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Sunday, November 23, 2014

Crime Doesn't Pay

Ok, so I am almost done with the conclusion of the book, so here's something completely irrelevant (to that).

The fictional motorcycle gang depicted on "Son of Anarchy" are gun-runners. They have a highly lucrative business distributing guns from the IRA to other criminal organizations.

Yet they drink Miller Lite, not single-malt scotch. They live in ordinary-looking California ranch houses. They don't take European vacations or drive elegant cars. They don't have nice clothes, wearing instead their leather and denim motorcycle gear. Most of the time, they just ride around on Harleys in order to intimidate or kill people from other gangs. They have power and money, but these are only relevant in relation to their criminality. For example, their power is relative power, in relation to that of the black gang, the Mexican gang, other white gangs (neo-nazis, etc...), and the IRA itself. If they were to stop being criminals, they would not need this power. They have power by bribing local law enforcement, but they only need to bribe the police because they are criminals.

Their possibility of meeting a violent death is quite high. They are also frequently kidnapped, as are their family members. They derive no enjoyment from their supposed wealth, living instead the perfect lower-middle class life-style when they aren't killing or getting killed. Sometime they can't even sleep at home because they have to lock themselves in the clubhouse for protection. They get to ride their motorcycles around, which might be fun, sure, but they could do that in the same exact way if they simply ran their "front" organization, which is an automobile and motorcycle repair shop. I suppose they could do their other hobbies on the cheap too, like getting into fist fights with one another or getting tattoos.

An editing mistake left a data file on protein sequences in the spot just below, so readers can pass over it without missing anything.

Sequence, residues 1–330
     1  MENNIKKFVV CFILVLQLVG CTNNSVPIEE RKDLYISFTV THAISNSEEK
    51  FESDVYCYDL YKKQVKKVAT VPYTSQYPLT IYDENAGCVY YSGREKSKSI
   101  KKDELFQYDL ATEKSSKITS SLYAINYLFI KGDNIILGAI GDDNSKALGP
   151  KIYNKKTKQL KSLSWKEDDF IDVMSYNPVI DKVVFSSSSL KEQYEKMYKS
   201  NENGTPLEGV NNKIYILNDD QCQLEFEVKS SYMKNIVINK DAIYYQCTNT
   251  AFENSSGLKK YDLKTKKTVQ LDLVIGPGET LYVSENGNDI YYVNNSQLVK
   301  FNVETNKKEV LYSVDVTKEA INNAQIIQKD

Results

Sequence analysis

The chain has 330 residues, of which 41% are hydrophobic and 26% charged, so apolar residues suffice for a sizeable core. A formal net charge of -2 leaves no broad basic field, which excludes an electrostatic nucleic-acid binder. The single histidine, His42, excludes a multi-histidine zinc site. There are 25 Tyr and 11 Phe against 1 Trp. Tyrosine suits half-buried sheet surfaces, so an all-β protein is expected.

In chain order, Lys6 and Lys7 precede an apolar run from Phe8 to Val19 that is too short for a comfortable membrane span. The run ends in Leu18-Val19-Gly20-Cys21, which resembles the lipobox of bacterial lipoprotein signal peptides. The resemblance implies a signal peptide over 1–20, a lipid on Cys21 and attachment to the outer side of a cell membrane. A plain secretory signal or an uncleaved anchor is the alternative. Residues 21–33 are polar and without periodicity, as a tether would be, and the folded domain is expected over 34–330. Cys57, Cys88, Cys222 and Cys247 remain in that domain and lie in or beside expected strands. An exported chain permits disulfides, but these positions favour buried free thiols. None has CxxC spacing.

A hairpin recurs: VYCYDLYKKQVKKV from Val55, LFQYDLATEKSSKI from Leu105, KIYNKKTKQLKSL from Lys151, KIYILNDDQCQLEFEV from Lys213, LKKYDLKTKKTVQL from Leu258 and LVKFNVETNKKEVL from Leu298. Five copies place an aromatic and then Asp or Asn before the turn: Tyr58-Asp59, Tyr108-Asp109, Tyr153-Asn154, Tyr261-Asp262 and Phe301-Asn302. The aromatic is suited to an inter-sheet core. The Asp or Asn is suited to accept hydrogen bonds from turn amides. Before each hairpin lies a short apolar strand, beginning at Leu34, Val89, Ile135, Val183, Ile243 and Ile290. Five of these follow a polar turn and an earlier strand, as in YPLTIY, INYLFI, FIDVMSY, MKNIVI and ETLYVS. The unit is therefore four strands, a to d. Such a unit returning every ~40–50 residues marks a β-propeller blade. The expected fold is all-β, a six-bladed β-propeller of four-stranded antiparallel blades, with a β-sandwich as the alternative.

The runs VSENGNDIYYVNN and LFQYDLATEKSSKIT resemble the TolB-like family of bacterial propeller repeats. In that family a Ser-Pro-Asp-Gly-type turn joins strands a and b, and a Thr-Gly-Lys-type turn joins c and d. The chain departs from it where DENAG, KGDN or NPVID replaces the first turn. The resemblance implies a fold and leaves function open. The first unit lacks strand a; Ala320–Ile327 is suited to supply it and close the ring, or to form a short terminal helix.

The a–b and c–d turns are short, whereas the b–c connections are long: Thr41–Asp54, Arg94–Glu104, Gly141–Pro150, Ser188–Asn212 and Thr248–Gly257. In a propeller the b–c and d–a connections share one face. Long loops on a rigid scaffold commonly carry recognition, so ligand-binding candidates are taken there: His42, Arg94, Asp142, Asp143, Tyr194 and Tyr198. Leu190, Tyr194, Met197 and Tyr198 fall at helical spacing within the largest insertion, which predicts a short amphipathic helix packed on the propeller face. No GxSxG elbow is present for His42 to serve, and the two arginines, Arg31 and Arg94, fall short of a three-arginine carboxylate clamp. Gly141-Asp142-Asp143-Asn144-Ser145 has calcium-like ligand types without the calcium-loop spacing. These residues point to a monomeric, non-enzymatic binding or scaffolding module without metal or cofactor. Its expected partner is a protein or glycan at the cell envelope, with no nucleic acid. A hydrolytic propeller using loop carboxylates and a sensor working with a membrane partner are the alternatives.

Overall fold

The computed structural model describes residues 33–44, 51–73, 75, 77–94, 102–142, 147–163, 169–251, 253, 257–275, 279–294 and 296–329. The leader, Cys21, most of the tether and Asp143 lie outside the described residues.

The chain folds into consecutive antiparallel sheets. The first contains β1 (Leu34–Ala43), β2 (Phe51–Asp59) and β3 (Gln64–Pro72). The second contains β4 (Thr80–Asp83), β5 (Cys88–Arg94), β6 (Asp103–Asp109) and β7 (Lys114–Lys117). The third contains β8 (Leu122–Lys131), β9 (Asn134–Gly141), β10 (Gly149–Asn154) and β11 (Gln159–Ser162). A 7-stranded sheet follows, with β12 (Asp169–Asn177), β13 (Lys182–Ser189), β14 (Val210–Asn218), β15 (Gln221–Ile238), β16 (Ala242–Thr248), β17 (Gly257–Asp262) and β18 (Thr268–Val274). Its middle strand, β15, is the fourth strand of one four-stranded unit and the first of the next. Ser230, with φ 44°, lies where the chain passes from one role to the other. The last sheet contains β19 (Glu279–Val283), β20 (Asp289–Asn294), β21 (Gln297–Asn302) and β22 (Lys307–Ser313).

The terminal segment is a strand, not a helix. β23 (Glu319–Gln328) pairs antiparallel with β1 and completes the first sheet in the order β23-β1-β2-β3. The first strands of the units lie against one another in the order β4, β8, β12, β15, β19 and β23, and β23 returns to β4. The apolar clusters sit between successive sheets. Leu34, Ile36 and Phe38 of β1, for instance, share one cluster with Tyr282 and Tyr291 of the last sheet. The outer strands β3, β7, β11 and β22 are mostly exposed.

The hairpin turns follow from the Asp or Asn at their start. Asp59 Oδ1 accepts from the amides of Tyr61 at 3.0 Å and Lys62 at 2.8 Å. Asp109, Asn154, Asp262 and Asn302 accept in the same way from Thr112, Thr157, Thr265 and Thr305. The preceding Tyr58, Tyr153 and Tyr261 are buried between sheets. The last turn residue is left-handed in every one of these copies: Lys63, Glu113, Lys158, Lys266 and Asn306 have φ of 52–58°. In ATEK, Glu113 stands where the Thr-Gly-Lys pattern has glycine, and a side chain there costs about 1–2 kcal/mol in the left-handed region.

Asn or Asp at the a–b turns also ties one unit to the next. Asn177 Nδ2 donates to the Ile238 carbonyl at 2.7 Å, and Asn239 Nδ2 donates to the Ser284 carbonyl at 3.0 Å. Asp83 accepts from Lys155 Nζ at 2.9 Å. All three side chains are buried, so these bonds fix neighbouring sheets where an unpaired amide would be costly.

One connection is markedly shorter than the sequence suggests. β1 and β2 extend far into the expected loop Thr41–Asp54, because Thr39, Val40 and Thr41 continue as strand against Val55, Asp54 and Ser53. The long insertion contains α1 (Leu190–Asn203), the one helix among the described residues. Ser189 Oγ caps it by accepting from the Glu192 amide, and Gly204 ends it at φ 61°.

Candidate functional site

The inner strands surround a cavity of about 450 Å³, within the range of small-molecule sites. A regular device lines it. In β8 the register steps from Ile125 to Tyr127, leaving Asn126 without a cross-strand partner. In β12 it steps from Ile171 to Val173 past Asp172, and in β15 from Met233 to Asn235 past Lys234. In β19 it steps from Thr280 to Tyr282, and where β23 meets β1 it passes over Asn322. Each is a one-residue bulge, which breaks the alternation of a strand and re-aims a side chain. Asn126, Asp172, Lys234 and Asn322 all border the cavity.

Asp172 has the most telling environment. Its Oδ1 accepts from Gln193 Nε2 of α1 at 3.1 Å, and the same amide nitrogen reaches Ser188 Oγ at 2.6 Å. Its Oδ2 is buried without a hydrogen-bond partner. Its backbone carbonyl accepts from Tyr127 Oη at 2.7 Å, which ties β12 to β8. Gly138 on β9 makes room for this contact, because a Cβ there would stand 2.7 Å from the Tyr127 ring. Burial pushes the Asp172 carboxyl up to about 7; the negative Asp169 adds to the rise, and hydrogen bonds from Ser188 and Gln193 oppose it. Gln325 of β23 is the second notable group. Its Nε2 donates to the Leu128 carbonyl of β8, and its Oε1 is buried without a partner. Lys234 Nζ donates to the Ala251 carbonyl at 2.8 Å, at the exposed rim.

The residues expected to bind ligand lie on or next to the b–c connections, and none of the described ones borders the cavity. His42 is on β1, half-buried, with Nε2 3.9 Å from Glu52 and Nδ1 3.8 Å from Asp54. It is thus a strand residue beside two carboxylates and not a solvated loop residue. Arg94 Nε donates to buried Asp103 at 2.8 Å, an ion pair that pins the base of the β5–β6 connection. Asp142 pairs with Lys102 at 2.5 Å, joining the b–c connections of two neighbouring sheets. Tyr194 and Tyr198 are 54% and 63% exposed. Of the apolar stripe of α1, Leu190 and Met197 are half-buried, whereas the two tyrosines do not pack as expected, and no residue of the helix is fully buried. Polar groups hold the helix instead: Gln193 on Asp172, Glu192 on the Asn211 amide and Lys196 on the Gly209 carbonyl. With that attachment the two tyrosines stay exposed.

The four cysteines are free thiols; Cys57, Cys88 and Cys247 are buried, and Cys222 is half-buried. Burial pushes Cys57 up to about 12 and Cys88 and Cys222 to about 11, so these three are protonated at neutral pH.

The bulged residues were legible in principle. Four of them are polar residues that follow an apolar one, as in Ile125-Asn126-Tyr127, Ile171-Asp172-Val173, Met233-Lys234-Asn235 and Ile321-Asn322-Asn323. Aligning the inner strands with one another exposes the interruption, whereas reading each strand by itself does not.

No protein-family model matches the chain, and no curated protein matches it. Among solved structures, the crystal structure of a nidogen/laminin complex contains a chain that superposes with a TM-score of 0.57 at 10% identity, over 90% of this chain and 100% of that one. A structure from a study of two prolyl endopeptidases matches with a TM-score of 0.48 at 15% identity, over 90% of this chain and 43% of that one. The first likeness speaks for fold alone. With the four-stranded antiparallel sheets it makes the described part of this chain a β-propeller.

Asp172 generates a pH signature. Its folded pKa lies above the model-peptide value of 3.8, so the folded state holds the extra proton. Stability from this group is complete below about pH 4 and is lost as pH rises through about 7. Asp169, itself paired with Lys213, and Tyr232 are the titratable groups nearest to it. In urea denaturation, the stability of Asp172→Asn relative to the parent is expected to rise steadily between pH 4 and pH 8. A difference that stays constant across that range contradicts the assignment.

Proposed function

The leader of the gang has the noble ambition of getting it out of serious crime, or at least making its "legitimate" businesses semi-legal escort services and pornography, instead of arms trafficking. It turns out that getting out of crime is just as dangerous, because it upsets the balance of power, so the plan to go straight leads to further violent deaths and dismemberments. Members of his MC are killed, and they have to kill others as well. The conceit is that one last massacre is needed in order for the Sons to go legit. Of course, the violence just gets worse.

The show has you identify with the leader of the gang because he is "nobler" than anyone else in a similar position, and because the other gangs are more brutal than his own. He is modeled after Prince Hamlet, in a pretty obvious way, and like Hamlet leaves carnage in his wake.


Vance Maverick said...

Not sure which direction you're thinking of taking this. On the factual claim, see Levitt and Venkatesh's demonstration that drug dealing pays badly for most.

Or on the arms-race of romance: crime fiction always has to keep plunging the reader in new cold baths of sober reality to maintain the glamor of "wish it were so".

Anonymous said...

Off topic entirely: I have discovered that there is a book edited by Cary Nelson, 60 years of American poetry on the Spanish civil war, from 2002, that I did not know about. If you do not, you should look at it, it is quite interesting and some of the things are good and I did not know them.

Anonymous said...

It contains, for example, this poem that I did not know: http://www.poetrynet.org/month/archive/bensko/lorca.html

Jonathan said...

I'm familiar with the freakonomics analysis. I was thinking more on the lines that money would make no difference. Even the leaders of the gang don't live opulently.

Jonathan said...

And yes, I know that book. I might need to look at it again before I turn my ms. in.